Pioneer SA-9500 Integrated amp tripping speaker protection - diyAudio
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Old 3rd December 2016, 03:06 PM   #1
Brawndo is offline Brawndo  United States
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Default Pioneer SA-9500 Integrated amp tripping speaker protection

Title mostly explains. The amp would run for about 10 minutes and shut off. I suspected the relay, so I opened it up and cleaned the contacts. It ran for a little longer but still less than an hour. It's possible that the longer run time had nothing to do with my cleaning the relay. I had it at a lower volume this time, so that may account for the increased run time.

After it shut off this last time, I felt around inside but nothing I could feel was even the slightest bit warm.


Looking for the next step in trouble shooting, thanks.
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Old 3rd December 2016, 03:16 PM   #2
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Check for DC on the speaker lines.
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Old 3rd December 2016, 06:20 PM   #3
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Well, that's a start. Reading around -120mV on the right and over -250mV on the left.
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Old 3rd December 2016, 06:33 PM   #4
Mooly is offline Mooly  United Kingdom
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Both those are high in real terms.

DC offset is checked directly across the speaker terminals (as long as the relay hasn't tripped) and with no signal present.

Odd to have both channels so high. A scope check to make sure no AC was present would be my next move.
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Old 3rd December 2016, 06:38 PM   #5
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I don't own a scope. But I checked DC just like you said. Across the speaker terminals with no signal, volume all the way down.
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Old 3rd December 2016, 06:44 PM   #6
Mooly is offline Mooly  United Kingdom
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A scope is pretty much essential for most fault-finding.

Always check the basics... which means checking all the rails are correct including any lower voltage rails running the front end of the power amp. Its odd to have both channels with a lowish and yet significant offset.
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Old 3rd December 2016, 07:35 PM   #7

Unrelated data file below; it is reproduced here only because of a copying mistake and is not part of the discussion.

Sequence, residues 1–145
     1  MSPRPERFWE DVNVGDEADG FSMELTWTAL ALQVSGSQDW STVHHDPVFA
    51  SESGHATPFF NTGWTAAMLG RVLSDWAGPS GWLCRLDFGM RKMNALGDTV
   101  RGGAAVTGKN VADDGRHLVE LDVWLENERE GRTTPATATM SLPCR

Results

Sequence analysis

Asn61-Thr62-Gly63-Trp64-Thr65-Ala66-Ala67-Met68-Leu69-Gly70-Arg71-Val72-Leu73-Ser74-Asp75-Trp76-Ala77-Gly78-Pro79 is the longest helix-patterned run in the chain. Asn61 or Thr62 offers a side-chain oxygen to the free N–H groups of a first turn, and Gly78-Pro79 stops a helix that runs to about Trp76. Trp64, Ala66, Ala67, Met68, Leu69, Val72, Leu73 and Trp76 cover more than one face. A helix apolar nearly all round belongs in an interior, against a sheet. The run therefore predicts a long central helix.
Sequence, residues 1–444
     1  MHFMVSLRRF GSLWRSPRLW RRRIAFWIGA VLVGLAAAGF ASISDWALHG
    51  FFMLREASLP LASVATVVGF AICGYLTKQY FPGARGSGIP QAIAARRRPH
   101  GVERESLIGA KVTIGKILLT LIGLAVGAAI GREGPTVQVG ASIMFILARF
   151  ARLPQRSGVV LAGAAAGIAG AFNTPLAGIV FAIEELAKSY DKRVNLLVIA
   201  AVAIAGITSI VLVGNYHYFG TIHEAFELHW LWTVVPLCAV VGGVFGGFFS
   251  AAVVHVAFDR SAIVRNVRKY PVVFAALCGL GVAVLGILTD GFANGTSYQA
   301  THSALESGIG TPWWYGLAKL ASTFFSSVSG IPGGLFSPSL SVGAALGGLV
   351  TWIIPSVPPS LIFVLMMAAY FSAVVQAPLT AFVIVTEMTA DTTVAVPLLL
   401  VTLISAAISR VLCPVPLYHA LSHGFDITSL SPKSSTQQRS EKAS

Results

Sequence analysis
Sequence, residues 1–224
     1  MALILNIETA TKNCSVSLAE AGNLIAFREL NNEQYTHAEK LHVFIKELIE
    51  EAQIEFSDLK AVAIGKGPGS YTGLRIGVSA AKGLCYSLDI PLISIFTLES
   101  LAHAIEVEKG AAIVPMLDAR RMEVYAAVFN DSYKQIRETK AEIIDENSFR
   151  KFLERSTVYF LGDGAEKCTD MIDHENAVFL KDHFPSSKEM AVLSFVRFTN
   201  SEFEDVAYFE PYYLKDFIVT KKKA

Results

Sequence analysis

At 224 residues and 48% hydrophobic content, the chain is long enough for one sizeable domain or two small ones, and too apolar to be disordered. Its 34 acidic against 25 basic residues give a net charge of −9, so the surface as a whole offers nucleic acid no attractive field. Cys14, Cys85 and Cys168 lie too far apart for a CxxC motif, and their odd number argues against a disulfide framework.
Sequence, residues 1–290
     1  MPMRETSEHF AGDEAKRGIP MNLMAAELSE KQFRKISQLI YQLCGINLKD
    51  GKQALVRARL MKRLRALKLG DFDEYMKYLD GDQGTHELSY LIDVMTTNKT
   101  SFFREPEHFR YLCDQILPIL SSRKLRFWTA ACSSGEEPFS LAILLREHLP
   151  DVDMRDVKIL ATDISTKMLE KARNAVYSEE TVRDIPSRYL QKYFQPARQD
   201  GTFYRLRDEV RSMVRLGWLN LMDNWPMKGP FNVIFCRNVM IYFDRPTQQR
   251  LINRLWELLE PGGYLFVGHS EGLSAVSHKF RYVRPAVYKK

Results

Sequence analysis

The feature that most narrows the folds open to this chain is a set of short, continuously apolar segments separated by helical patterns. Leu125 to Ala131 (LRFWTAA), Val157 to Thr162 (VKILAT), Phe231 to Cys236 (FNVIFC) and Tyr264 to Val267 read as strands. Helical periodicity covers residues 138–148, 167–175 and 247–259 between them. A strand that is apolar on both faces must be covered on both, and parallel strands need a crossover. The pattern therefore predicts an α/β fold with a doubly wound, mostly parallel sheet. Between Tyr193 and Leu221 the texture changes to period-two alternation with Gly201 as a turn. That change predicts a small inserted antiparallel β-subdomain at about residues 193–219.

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I am seeing some incorrect voltages coming off the power supply. There's a 48v pin reading around 40v. A 35v reading below 30v. Things like that. I'm noticing a fair amount of heat coming from one of the transistors. It's attached to a heat sink next to an identical transistor that doesn't seem to get as hot. There's also a slight hair-dryer-like smell coming from the area.
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Old 3rd December 2016, 08:10 PM   #8
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I just checked the voltage on the bases of the two transistors. The schematic says one should be 48.8 and the other -48.8. The negative one reads a little over -50, the positive one reads around 40. This is the one that's getting hot.
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Old 3rd December 2016, 09:12 PM   #9
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That's peculiar. There's precious little on this regulated +48V supply itself that could be drawing excessive current - it is feeding the VAS current sources (Q5, Q6) and the main preamp section. It is, however, also supplying and serving as a reference for the cap multipliers for the +35V and +24V supplies, so all of these are naturally going to be off as well.

Please check voltage drop over R13. If that's about 7 V, we can conclude it's not excessive current draw on +35V/+24V that's the problem.

What do you see in terms of unregulated voltages in front of the +/-48V regs?
If these are nice and symmetrical, it might just be an aged Q1. I find it interesting that they'd use a TO220 case 3 A job there, looking at stuff I don't think it has to supply more than about 150 mA or so. Maybe for better cooling - it'll have to dissipate 1-2 watts if the unregulated voltages are the nominal +/-60V I suspect.
If the + supply is much lower, I'd suspect overcurrent. Maybe one of Q5/Q6 can't sustain its C-E voltage any more or something.
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Old 4th December 2016, 12:14 AM   #10
Brawndo is offline Brawndo  United States
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Voltage drop on R13 was 6-7 V. I measured the unregulated voltages on the collectors of Q1 and Q2 and they were symmetrical. So it looks like Q1 is the culprit?
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